Dr. Jane C. Wright has been called the “mother of chemotherapy” because of her groundbreaking cancer research. Her work in the 1950s and 1960s made possible the life-saving chemotherapy that’s still used today. However, like many other Black women in science, she is not a household name, although her contributions changed the course of healthcare.
A Family of Doctors
Jane Cooke Wright was born in 1919 in New York City, according to Encyclopedia.com. She came from a family of barrier-breaking doctors. Two of her grandfathers, her father and her sister were all doctors during a time of widespread racial and gender discrimination. She grew up and built her career when women were excluded from professional settings and Jim Crow laws explicitly marginalized African Americans, according to History.com.
Despite institutional prejudice, Wright rose to prominence in the medical field and was heavily involved in scientific societies. She attended Smith College and then New York Medical College on academic scholarships. She started her medical career as an intern at Bellevue Hospital and then as a resident at Harlem Hospital, according to Encyclopedia.com. During this time, she also served as a staff physician with New York City’s public school system.
In 1949, she joined her father, Dr. Louis Tompkins Wright, at the Harlem Hospital Cancer Research Foundation that he founded. At this point, her focus shifted to clinical research for cancer treatment.
What Is Chemotherapy?
So, what is chemotherapy exactly? During this time, cancer was treated with surgery and radiation, but those techniques weren’t always good enough to eliminate the cancerous cells. Chemotherapy, the use of chemical agents as therapeutics, was an emerging cancer treatment that many physicians disregarded or ridiculed as being ineffective, according to Encyclopedia.com.
Dr. Wright conducted clinical trials that proved that chemotherapy could make certain types of cancer regress.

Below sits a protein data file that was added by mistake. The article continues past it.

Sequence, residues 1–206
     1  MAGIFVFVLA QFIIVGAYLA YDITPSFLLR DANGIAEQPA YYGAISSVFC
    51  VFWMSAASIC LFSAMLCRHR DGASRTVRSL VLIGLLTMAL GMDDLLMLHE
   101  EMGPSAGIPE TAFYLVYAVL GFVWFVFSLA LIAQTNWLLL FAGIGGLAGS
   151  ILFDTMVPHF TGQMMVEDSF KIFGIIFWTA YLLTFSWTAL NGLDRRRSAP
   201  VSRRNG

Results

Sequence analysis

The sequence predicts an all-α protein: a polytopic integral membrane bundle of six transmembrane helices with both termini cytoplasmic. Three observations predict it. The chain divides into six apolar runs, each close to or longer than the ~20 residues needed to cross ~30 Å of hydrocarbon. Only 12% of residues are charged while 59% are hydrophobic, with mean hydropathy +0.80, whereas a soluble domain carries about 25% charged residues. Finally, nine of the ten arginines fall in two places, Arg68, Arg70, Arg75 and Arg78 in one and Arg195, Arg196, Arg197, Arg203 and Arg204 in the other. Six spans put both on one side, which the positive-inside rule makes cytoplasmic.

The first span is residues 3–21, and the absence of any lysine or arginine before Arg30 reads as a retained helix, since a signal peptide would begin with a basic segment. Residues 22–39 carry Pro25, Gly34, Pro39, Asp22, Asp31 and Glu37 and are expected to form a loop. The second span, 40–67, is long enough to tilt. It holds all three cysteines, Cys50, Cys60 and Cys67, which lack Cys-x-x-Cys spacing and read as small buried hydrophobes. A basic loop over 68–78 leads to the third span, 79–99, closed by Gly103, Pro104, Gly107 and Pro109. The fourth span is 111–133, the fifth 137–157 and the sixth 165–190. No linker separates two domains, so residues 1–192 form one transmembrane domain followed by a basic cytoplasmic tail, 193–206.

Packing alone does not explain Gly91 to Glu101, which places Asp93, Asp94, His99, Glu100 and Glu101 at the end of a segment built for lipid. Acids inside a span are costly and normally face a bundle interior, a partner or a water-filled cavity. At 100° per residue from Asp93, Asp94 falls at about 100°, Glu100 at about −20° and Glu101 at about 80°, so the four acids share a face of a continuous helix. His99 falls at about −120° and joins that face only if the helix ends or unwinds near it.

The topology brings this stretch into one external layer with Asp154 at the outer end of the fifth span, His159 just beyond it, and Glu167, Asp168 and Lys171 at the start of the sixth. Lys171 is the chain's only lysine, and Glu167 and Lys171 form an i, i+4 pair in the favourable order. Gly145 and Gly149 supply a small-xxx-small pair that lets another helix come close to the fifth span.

She identified specific therapies, such as triethylene melamine and methotrexate, which are still used today to treat breast cancer and childhood leukemia, according to The New Inquiry. She also refined the definition of chemotherapy, beyond simply being a single drug given as medicine to treat cancer. She advocated for combination therapy in which you administer multiple chemotherapy medications in a precise order to treat cancer as it evolves.
In addition to developing cancer treatments, Dr. Wright also changed the way that cancer is researched. She and her father demonstrated that tumor cells could be removed from the body and studied in a laboratory to find out which drugs would work best for a particular patient, according to Helix.
Contributions Beyond the Lab
She was a wife, a mother and an artist who nearly studied art at Smith College and enjoyed painting in her retirement, according to Encyclopedia.com. Wright was very active in the scientific community, publishing 135 scientific papers and holding leadership positions in scholarly societies and professional organizations. According to the National Library of Medicine, Dr. Jane C. Wright was the highest-ranked Black woman at a nationally recognized medical institution.
She was a professor of surgery, head of the cancer chemotherapy department, and associate dean at New York Medical College. In 1964, she was one of the founding seven members of the American Society of Clinical Oncology, which now has 45,000 members of cancer researchers. In 1971, she became New York Cancer Society’s first female president.
According to her obituary in the New York Times, Wright didn’t consider herself limited by racial prejudice. However, as a Black woman in a field that is dominated by white men, she changed the face of medicine for future generations.
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